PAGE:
Date of Award
Doctor of Philosophy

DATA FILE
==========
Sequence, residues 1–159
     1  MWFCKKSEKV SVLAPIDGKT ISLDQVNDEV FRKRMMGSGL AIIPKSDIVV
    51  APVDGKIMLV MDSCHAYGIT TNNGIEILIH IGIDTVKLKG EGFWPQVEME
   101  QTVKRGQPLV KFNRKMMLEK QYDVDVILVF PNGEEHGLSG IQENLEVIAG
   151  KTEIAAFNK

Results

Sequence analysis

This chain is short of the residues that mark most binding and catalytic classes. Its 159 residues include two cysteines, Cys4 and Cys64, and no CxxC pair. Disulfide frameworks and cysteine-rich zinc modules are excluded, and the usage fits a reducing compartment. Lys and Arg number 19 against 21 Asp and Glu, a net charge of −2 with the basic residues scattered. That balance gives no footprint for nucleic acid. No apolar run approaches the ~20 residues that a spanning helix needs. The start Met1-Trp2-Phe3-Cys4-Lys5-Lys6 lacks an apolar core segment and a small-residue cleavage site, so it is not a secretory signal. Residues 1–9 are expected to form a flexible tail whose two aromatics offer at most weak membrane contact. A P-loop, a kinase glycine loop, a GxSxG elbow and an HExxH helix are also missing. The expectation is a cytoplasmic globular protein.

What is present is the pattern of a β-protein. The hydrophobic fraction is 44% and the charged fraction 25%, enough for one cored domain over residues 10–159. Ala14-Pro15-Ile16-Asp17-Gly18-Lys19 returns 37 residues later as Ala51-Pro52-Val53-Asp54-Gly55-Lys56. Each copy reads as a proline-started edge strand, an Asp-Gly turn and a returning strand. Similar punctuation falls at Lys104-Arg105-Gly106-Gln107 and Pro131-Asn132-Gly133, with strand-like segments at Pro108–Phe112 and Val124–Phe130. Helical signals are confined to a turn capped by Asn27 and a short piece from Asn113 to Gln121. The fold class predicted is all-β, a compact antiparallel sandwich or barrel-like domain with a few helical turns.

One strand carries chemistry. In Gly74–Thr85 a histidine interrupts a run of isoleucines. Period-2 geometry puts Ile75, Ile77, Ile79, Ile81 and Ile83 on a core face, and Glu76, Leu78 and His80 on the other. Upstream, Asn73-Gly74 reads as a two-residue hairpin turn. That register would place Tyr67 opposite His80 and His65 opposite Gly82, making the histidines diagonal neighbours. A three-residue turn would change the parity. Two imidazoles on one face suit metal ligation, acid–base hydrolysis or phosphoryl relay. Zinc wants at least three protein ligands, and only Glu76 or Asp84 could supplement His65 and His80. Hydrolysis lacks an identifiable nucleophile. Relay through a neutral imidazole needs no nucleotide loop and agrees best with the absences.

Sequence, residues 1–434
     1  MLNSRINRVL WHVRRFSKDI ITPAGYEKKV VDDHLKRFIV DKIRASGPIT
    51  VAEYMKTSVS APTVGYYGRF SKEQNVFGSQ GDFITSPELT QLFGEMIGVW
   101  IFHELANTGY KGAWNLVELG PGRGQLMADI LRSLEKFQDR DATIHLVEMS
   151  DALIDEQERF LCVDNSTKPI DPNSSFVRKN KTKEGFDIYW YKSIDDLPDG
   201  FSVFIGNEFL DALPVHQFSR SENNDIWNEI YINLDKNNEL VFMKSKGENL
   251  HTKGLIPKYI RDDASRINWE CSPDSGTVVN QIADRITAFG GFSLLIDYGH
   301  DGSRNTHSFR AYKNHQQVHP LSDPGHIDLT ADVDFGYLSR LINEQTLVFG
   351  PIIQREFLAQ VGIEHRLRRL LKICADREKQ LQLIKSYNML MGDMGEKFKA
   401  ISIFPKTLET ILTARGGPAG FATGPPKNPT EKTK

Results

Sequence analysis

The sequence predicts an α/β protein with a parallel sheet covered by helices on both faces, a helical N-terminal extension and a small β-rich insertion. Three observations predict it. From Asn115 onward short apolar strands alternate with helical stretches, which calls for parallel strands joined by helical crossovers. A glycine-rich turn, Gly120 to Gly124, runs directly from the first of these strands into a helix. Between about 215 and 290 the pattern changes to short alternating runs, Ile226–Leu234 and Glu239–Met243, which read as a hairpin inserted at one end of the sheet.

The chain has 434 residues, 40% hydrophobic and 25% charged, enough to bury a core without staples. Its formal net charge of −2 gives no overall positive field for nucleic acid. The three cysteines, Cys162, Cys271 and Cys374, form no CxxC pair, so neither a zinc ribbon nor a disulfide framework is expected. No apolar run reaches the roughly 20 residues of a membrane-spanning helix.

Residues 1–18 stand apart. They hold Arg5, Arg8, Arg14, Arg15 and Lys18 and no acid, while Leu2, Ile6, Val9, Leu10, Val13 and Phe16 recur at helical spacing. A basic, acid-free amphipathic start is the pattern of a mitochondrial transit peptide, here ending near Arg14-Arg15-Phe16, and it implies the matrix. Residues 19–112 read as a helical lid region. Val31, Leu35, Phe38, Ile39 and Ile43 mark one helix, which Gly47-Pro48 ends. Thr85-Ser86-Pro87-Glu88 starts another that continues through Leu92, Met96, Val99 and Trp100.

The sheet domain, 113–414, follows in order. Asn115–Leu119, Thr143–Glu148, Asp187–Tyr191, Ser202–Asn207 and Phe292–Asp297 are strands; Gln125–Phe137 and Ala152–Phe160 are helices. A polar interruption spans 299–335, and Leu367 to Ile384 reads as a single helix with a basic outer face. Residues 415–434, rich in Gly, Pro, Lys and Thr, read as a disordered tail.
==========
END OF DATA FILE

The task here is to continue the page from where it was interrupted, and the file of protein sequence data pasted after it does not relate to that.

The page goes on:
Hearing loss or deafness, in its most serious form, affects an estimated 28 million people in America. One of the forms of hearing loss, known as ototoxicity, refers to damage to the ear (-oto) due to xenobiotics. Cisplatin is the most widely used antineoplastic agent in the treatment of various solid tumors. Cisplatin toxicity can lead to severe effects on the kidneys, nervous system and auditory system which significantly reduce the quality of life of cancer patients. While nephrotoxicity could be alleviated by hydration and diuresis, cisplatin-induced ototoxicity is permanent and there is currently no approved treatment for this condition. Previous studies have shown that the generation of reactive oxygen species (ROS) is a critical event that initiates damage to the outer hair cells (OHCs), stria vascularis (SVA) and spiral ganglion cells (SG) of the cochlea, leading to hearing loss after cisplatin treatment. However, the mechanism(s) underlying the transition from ROS generation to the manifestation of ototoxicity is (are) not clearly defined. Recent studies have also implicated inflammatory pathways in cisplatin-induced cell death. Various transcription factors have been linked to the induction of inflammation mediated by cisplatin in the cochlea. Recent study demonstrate that cisplatin activates signal transducer and activator of transcription 1 (STAT1) a transcription factor implicated in inflammation, which mediates damage to utricular hair cell and could also confer cisplatin-induced hearing loss. The aim of this study is to further define a role of STAT1 in cochlear inflammation and in cisplatin-mediated ototoxicity. Based on preliminary data, we hypothesize that STAT1 plays an integral role in cisplatin-mediated inflammation and hearing loss. Our data show that STAT1 couples ROS to the inflammatory process in the cochlea. The major source of ROS appears to be the NOX3 NADPH oxidase system, knockdown of which by short interfering (si)RNA reduces STAT1 activation by cisplatin and alleviates hearing loss. Activation of STAT1 by cisplatin involves phosphorylation of Serine 727 by mitogen activated protein kinases such as extracellular signal regulated kinase (ERK) 1/2 and p38. Knockdown of STAT1 by trans-tympanic administration of siRNA reduces damage to OHCs and protects against cisplatin-induced hearing loss in rats. STAT1 siRNA attenuates the production of inflammatory mediators, such as tumor necrosis factor- α (TNF-α), and reduces the recruitment of inflammatory cells to the cochlea. Furthermore, inhibition of TNF-α by trans-tympanic administration of etanercept, a clinically used TNF-α antagonist, protects against OHC damage and cisplatin-induced hearing loss. These data suggest that targeting STAT1 or the inflammatory genes it regulates could serve as useful strategies for preventing cisplatin-induced hearing loss and improve the overall quality of life of cancer patients.
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